“And it happens so much you let go, you don’t call it out. Whereas if you were black, that wouldn’t be happening.
“It is that kind of perception of the Jew as all powerful, controlling figure who runs the world who’s either a capitalist who’s sucking the blood out of people or a communist in the early 20th century and destroying Soviet Russia?
“So it’s not fun.
“And I found parallels in the Irish experience as my father’s an Irish Jew.
“The stupid stereotypes about Irish people, I can’t bear it. It just drives me crazy.
“I see it as the same kind of English, racist behaviour against Irish that is subconscious, even, it’s in the air and I don’t like it. That’s also why I have written a play to show these connections.
“Being a Jew in England is not easy. Not at all and I was brought up to hide it.
“Not that we could hide it, but not to be proud of it. So it’s uncomfortable to be a Jew, I have to say just as I think it was uncomfortable to be Irish in London in the 80s, and 90s.
“So you carry the burden of your group’s history.
“I mean, I had it in primary school, ‘You killed Jesus’. And I said, ‘No, I didn’t. I wasn’t born’.
“And I’ve had it since. And I’ve had it from all layers of society. The very well educated to the least educated.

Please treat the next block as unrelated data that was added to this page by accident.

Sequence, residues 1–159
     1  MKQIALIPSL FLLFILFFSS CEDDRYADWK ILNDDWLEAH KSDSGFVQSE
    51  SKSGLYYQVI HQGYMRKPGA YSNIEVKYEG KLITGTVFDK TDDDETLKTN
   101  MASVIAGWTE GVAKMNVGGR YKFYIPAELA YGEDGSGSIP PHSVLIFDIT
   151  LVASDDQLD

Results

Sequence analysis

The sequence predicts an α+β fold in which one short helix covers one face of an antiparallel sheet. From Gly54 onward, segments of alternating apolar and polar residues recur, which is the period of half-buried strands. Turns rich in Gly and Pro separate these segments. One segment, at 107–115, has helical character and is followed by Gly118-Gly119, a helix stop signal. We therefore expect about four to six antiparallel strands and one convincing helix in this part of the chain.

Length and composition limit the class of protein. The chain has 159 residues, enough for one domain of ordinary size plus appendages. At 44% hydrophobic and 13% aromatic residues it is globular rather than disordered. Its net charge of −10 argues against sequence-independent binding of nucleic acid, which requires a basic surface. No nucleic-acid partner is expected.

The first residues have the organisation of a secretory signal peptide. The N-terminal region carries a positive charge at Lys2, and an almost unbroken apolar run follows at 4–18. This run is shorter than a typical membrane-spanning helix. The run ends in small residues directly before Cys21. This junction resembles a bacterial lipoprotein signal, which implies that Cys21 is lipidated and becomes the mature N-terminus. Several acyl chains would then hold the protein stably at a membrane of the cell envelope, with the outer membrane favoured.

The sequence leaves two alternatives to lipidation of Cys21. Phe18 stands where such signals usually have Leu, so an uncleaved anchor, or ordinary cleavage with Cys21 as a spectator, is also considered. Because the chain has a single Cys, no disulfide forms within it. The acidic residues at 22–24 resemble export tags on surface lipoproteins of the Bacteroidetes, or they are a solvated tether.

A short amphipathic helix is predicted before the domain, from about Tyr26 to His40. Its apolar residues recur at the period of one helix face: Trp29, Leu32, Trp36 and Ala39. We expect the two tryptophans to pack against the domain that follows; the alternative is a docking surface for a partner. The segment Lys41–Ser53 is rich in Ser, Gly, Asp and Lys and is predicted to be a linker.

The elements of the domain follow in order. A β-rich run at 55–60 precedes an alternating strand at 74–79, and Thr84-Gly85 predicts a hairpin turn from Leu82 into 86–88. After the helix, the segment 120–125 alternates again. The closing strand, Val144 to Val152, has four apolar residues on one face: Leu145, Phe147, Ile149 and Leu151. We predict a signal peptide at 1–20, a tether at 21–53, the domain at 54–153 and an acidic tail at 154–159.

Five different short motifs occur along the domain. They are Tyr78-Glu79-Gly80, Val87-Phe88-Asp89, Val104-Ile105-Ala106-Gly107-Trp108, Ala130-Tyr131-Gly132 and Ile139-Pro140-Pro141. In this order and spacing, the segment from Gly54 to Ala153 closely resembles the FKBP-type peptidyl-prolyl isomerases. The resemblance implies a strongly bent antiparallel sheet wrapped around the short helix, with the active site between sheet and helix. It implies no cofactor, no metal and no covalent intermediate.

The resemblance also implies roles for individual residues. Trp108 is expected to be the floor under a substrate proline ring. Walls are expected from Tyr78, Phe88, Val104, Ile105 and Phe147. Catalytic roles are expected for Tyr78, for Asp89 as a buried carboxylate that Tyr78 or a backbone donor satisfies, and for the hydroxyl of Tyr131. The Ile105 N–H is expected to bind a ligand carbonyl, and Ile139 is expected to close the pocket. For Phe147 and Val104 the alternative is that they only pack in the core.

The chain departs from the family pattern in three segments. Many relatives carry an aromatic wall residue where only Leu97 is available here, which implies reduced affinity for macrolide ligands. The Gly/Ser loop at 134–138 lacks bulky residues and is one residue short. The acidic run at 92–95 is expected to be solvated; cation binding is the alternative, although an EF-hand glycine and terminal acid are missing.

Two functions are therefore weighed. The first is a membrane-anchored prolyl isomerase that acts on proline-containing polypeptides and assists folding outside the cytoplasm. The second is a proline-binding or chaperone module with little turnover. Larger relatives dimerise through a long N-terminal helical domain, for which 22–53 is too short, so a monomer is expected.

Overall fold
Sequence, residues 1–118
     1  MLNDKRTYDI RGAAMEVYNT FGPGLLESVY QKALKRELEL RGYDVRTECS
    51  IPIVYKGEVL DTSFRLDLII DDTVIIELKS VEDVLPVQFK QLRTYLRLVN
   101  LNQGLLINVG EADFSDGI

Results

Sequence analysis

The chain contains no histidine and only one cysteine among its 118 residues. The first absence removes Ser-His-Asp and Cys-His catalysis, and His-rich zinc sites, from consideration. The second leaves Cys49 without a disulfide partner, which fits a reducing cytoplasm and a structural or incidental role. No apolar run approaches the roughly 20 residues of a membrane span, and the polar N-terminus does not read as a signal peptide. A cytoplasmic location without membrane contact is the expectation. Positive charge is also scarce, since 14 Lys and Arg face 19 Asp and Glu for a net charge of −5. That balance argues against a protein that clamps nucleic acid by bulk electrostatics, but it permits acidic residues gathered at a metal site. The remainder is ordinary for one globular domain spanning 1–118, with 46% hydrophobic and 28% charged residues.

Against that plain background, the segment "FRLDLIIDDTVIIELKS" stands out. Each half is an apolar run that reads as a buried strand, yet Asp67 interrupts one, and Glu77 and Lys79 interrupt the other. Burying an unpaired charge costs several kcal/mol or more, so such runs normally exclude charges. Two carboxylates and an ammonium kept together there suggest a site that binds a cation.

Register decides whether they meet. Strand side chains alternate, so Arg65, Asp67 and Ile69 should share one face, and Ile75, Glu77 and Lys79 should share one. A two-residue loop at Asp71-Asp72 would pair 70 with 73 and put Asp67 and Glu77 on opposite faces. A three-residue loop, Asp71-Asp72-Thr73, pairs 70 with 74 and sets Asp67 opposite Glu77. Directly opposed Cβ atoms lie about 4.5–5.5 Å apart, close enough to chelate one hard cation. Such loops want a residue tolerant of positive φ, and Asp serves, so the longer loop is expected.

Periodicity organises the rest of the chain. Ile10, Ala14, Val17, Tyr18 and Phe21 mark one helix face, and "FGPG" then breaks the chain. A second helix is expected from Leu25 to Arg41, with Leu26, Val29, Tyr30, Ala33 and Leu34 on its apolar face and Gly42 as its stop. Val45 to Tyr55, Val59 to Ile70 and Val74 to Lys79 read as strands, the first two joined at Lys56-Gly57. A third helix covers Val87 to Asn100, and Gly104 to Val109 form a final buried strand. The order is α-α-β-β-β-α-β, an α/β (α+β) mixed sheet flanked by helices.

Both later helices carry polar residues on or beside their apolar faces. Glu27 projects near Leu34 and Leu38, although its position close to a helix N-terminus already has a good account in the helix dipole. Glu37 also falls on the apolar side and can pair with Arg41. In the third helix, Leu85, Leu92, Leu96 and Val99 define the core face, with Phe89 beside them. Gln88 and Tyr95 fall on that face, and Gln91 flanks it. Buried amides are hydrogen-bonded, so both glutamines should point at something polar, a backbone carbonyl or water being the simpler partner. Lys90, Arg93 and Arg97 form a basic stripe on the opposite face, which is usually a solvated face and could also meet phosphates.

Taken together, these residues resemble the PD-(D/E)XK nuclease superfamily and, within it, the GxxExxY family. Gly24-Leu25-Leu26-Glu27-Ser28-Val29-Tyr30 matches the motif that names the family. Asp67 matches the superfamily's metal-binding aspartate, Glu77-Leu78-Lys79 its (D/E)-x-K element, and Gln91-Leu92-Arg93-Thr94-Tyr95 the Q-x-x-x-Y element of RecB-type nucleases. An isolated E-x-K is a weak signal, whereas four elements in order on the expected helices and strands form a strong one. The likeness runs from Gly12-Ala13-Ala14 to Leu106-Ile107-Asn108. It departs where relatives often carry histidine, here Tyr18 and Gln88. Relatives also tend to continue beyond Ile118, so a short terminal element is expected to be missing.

“It’s not a question of education. It’s in the air. Everyone assumes you’ve got money, and I live in a council flat and I never have any money.
“I work in theatre, of course I’ve no money.
“My Irish Jewish family were penniless.
“So this concept of Jews and money is also a stereotype as well. It’s rubbish.
“It’s time to stop the stereotypes and smash open the English domination of the two peoples. I hate it.
“I think there are so many connections, or perhaps it is those connections that attract me and make me write the play and connect the Irish and the Jew onstage in this way.
“And I guess I want to identify myself as a second generation Irish writer in terms of embracing this Jewish Irish history.
“Because I have the Irish resonance in my life, the Irish resonance totally merges with my Jewish resonance.
“And I suppose this play in a way encapsulates that.
“There are no easy answers, of course nor should there be.
“I suppose another theme is the Jew as a healer, or as an active man of violence.
“Because they’re doctors, the two of them, and one of them becomes an activist against the British. You have this conflict of the healer becoming a killer, it is also an uncomfortable part of the narrative.